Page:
1839 "OK" enters national vernacular - Kimber Forum

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Old 03-23-2019, 06:57 AM   #1
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1839 "OK" enters national vernacular

March 23, 1839 "OK" enters national vernacular

On this day in 1839, the initials “O.K.” are first published in The Boston Morning Post. Meant as an abbreviation for “oll korrect,” a popular slang misspelling of “all correct” at the time, OK steadily made its way into the everyday speech of Americans.

During the late 1830s, it was a favorite practice among younger, educated circles to misspell words intentionally, then abbreviate them and use them as slang when talking to one another. Just as teenagers today have their own slang based on distortions of common words, such as “kewl” for “cool” or “DZ” for “these,” the “in crowd” of the 1830s had a whole host of slang terms they abbreviated. Popular abbreviations included “KY” for “No use” (“know yuse”), “KG” for “No go” (“Know go”), and “OW” for all right (“oll wright”).

Of all the abbreviations used during that time, OK was propelled into the limelight when it was printed in the Boston Morning Post as part of a joke. Its popularity exploded when it was picked up by contemporary politicians. When the incumbent president Martin Van Buren was up for reelection, his Democratic supporters organized a band of thugs to influence voters. This group was formally called the “O.K. Club,” which referred both to Van Buren’s nickname “Old Kinderhook” (based on his hometown of Kinderhook, New York), and to the term recently made popular in the papers. At the same time, the opposing Whig Party made use of “OK” to denigrate Van Buren’s political mentor Andrew Jackson. According to the Whigs, Jackson invented the abbreviation “OK” to cover up his own misspelling of “all correct.”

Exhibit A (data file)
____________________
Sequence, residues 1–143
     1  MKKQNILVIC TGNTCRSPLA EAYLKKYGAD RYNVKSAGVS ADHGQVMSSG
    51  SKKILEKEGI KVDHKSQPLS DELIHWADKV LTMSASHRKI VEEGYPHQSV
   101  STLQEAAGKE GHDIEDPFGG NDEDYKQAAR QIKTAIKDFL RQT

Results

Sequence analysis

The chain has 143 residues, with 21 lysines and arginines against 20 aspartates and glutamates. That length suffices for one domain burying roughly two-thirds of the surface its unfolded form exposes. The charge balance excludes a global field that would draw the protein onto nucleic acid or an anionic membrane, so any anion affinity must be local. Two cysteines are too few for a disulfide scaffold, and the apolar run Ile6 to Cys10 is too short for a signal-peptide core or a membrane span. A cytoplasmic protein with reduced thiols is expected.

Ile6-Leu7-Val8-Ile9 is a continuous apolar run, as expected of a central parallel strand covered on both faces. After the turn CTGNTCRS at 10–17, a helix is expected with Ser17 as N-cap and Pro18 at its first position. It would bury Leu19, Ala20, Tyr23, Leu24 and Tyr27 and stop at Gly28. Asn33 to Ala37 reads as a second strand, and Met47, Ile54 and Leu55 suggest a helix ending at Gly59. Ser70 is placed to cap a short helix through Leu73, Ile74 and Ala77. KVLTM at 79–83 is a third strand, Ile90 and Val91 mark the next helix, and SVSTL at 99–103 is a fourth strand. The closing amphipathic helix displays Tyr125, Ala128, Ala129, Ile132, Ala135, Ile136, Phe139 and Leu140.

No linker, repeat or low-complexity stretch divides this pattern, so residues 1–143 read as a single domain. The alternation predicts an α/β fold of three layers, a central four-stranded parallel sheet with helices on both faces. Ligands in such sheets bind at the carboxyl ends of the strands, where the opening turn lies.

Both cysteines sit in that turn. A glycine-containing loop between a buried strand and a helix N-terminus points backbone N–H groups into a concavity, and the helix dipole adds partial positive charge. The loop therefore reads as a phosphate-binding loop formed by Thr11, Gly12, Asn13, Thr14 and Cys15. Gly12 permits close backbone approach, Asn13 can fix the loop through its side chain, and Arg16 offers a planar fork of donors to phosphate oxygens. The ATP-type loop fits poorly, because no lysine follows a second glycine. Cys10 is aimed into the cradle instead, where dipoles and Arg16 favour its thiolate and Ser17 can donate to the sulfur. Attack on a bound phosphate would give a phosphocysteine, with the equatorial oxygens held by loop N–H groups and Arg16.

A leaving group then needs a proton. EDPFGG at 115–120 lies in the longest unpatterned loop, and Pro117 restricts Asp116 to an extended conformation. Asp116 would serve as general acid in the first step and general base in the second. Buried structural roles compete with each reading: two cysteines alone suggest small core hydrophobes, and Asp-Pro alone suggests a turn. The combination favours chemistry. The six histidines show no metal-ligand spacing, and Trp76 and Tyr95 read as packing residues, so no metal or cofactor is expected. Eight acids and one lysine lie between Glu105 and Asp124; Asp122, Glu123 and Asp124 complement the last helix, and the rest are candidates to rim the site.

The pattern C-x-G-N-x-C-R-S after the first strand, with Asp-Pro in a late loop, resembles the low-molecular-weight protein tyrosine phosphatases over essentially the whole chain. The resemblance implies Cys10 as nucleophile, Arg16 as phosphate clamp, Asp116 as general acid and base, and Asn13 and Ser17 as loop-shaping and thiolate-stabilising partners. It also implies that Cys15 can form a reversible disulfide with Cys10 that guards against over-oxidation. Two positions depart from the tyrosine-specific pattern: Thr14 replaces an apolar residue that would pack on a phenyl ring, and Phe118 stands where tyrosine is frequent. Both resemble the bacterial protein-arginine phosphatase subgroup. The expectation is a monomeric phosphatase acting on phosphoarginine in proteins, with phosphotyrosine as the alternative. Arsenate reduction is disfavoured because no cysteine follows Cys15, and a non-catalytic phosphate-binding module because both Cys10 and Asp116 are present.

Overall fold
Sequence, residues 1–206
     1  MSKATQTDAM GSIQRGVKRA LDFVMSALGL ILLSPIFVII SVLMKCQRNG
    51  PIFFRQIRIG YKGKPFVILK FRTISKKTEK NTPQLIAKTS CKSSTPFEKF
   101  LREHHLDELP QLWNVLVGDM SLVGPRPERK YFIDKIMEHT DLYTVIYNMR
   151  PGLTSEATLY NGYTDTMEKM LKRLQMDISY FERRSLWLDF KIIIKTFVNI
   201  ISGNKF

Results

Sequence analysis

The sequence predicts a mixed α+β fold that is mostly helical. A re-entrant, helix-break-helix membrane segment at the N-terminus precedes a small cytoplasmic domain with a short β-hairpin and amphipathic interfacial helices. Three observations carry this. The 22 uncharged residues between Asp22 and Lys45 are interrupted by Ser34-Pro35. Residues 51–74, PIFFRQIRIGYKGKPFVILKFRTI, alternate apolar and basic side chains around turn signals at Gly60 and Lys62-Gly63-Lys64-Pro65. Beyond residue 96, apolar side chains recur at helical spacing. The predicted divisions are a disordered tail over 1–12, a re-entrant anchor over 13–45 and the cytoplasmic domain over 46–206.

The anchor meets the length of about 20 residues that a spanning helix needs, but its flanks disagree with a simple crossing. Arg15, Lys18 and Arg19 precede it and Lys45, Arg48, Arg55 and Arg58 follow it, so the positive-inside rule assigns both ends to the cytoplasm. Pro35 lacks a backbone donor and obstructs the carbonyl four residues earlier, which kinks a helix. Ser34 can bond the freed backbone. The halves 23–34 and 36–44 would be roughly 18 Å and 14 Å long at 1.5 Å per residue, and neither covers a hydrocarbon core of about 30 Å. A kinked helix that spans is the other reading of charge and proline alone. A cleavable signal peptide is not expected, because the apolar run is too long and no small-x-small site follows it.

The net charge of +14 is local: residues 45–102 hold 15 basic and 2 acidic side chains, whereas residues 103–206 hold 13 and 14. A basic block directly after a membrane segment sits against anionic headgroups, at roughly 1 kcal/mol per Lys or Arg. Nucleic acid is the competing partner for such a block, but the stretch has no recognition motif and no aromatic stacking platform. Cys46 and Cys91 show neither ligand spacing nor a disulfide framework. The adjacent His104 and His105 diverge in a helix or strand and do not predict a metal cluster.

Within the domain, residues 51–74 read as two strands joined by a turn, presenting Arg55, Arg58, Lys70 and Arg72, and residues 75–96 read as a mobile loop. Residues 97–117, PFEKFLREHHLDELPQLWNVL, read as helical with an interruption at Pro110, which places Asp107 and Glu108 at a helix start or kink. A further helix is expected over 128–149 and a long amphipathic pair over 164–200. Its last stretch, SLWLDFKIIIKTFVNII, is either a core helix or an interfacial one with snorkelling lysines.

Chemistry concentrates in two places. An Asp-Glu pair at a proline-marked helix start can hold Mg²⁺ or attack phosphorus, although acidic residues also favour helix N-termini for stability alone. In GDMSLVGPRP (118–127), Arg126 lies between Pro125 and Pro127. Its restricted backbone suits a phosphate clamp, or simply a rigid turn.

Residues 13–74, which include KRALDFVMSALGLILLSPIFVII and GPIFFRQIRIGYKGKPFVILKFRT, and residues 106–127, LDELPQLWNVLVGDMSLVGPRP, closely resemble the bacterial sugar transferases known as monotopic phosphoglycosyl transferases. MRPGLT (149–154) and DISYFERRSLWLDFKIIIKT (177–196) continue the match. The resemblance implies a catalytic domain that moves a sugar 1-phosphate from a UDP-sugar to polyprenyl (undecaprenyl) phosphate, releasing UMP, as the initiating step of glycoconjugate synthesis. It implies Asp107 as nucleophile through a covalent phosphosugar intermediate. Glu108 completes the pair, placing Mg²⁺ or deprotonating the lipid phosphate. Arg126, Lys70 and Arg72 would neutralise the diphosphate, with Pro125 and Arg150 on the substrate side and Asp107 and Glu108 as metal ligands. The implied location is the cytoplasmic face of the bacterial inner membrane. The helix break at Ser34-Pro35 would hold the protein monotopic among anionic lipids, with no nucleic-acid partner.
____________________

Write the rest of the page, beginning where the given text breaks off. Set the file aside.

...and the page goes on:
The man responsible for unraveling the mystery behind “OK” was an American linguist named Allen Walker Read. An English professor at Columbia University, Read dispelled a host of erroneous theories on the origins of “OK,” ranging from the name of a popular Army biscuit (Orrin Kendall) to the name of a Haitian port famed for its rum (Aux Cayes) to the signature of a Choctaw chief named Old Keokuk. Whatever its origins, “OK” has become one of the most ubiquitous terms in the world, and certainly one of America’s greatest lingual exports.

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Old 03-23-2019, 07:12 AM   #2
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Very good research!

I think I'll stumble down to the corral and tell the Clantons...
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Old 03-23-2019, 07:48 AM   #3
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Originally Posted by The Tourist View Post
Very good research!

I think I'll stumble down to the corral and tell the Clantons...
O.K.>>>>>>>>>>>>>>>>>>>>>>>>>>>>>>>>
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Old 03-23-2019, 07:53 AM   #4
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Historical note.

Wyatt Earp's only firearm wound came from his own gun. He shot himself in the thigh cleaning the firearm.

Wyatt was the only man not wounded at the OK Corral. He was also unscathed at the "river shoot-out," where he stood waist deep in a river, in the open, and killed numerous members of the "Cowboy Clan."

Edit: There is an old newspaper photograph after the OK Corral shooting. Wyatt is clearly shown as the only combatant standing.
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